South Bay Cinemas are back, but where are the audiences? – East Bay Times
With theaters reopening, movies like “A Quiet Place Part II” are setting box office records for post-pandemic lockdown releases. And the Alamo Drafthouse theater in Los Angeles reported last week that it had been sold out for the first time all weekend.
But in Silicon Valley, moviegoers have been much slower to return – even with the number of COVID-19 vaccinations and theaters cleaning auditoriums and installing new ventilation systems. Shannon Guggenheim of 3Below Theaters, the only movie theater in downtown San Jose, is puzzled by the lack of activity.
“Unfortunately, I can report that things are still pretty bleak,” she said on Thursday. “Presales are almost nil for this weekend and yesterday not a single soul crossed our threshold.”
What surprises Guggenheim most is that the lower numbers made sense when the theater at 288 S. Second St. primarily featured niche independent films, but since it reopened last month, they have been showing mainstream films like ” Cruella “and” In the Heights “. And attendance was actually worse.
And while 3Below is an extreme example, they are not alone. A quick online survey of area theaters, including Pruneyard Theaters in Campbell and ShowPlace ICON at Valley Fair, showed plenty of seats available for popular movies this weekend.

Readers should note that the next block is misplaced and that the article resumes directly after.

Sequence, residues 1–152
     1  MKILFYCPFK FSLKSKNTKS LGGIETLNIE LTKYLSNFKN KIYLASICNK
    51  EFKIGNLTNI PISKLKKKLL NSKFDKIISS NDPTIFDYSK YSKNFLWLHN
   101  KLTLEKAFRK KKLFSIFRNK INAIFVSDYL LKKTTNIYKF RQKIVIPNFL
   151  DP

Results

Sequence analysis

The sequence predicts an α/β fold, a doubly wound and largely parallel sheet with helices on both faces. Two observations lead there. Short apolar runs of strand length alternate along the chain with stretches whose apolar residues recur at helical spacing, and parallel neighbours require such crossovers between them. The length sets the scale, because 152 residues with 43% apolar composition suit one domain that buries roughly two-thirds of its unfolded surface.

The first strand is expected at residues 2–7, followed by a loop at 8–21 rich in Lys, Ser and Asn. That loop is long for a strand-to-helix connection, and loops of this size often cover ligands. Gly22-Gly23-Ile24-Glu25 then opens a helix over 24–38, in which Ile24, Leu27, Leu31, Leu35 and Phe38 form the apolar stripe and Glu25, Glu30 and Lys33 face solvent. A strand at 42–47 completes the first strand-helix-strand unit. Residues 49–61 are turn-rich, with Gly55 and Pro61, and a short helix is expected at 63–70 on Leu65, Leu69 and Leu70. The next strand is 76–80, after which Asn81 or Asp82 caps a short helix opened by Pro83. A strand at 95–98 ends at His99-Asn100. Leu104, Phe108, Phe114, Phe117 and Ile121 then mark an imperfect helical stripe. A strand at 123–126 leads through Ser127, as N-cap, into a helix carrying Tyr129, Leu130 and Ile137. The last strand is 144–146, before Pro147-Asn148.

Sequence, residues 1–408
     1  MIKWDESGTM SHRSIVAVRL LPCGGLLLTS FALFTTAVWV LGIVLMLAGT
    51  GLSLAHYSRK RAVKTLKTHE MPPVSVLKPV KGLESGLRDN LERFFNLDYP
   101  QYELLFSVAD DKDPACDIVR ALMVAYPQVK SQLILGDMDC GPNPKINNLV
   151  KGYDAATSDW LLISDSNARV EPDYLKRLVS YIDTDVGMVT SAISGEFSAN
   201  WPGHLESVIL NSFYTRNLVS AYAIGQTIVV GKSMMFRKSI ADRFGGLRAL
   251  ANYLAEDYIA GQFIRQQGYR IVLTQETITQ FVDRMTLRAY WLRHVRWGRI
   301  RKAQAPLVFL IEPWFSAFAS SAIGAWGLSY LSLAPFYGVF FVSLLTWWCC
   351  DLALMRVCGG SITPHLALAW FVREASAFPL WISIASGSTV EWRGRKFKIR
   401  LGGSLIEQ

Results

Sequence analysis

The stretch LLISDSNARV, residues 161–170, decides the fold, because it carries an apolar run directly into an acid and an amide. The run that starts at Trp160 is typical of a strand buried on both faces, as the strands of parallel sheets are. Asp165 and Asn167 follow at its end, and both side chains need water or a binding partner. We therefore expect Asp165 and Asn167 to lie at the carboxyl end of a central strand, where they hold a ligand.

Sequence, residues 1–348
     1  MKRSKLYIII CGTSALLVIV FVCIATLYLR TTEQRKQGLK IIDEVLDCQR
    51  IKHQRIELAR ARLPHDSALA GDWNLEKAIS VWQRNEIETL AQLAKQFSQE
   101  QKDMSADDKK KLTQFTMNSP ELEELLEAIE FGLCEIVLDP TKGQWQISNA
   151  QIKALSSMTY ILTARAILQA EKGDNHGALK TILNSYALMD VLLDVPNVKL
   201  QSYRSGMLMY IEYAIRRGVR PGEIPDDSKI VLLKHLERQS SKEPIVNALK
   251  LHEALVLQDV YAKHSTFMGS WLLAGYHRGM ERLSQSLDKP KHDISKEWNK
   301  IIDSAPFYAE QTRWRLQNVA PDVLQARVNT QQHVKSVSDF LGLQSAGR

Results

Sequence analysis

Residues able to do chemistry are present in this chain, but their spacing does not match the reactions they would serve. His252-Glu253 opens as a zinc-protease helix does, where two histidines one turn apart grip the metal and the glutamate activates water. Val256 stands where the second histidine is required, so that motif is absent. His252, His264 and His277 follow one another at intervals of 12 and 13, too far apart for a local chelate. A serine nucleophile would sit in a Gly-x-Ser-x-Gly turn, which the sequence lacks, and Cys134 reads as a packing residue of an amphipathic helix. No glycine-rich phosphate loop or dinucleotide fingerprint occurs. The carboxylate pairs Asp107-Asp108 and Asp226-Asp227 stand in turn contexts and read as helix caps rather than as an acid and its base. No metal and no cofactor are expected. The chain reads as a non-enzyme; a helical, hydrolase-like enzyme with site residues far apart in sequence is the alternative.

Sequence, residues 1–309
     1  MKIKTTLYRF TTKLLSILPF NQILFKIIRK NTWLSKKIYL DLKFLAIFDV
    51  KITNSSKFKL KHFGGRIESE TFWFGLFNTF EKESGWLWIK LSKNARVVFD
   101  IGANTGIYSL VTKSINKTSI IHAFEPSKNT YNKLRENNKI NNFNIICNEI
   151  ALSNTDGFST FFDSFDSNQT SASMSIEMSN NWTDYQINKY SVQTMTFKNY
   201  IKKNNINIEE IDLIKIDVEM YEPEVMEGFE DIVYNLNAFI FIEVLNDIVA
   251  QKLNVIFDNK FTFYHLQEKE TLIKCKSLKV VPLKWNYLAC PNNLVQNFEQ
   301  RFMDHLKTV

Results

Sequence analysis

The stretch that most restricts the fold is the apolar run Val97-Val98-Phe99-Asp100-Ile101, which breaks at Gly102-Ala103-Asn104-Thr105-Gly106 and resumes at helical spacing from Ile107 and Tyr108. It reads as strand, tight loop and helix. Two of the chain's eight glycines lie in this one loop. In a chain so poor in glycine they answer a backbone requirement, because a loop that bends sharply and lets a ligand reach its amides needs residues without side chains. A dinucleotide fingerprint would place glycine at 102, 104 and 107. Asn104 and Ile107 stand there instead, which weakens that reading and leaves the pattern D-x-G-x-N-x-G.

There are many reasons for the absence. People may choose to spend more time outdoors in hot weather, to reunite with family and friends after such a long separation, or to travel a bit more when the children are out of school. But if things don’t improve this summer, it could be a horror show for independent theaters like 3Below.
“We know it will take a while for downtown dwellers to realize that they have a big movie theater again in their corner,” Guggenheim said, “but if they don’t start to come soon, we may not survive this drought. “
ARTIFICIAL FRIDAY: The San Jose Museum of Art welcomes visitors again on Friday with “Break + Bleed”, a new exhibition showcasing works in the spirit of “post-painter abstraction”. It means paintings and drawings with a lot of geometric shapes, wavy and angular lines and bright colors.
The Downtown Museum will be open from 11 a.m. to 5 p.m., with regular admission for the public and free admission for members. But it will stay open late until 9 p.m. to celebrate the opening, and everyone is free after 5 p.m. More details on www.sjmusart.org.
Meanwhile, the monthly South First Fridays Art Walk has more and more offerings, with more galleries and restaurants opening this week. This includes the MACLA Gallery, which is also presenting a new exhibition, a solo show for artist Natalia Anciso, a Texan artist currently based in Oakland. In the future, MACLA will be open from noon to 5 p.m. Friday to Sunday, but there will be an opening reception with Anciso during the first Fridays in the south from 6 p.m. to 9 p.m. Get the rest of the lineup and a printable walking map at www.southfirstfridays. com.
FRIENDS OF BOOKS: Toni Blackstock, a member of the Friends of the Los Gatos Library board of directors, emailed me to let me know that the group’s bookstore has a half-price sale until the end of June on books. for children and cookbooks. The bookstore, next to the New Museum Los Gatos in the city’s civic center, is open Wednesday through Sunday from 1 p.m. to 5 p.m.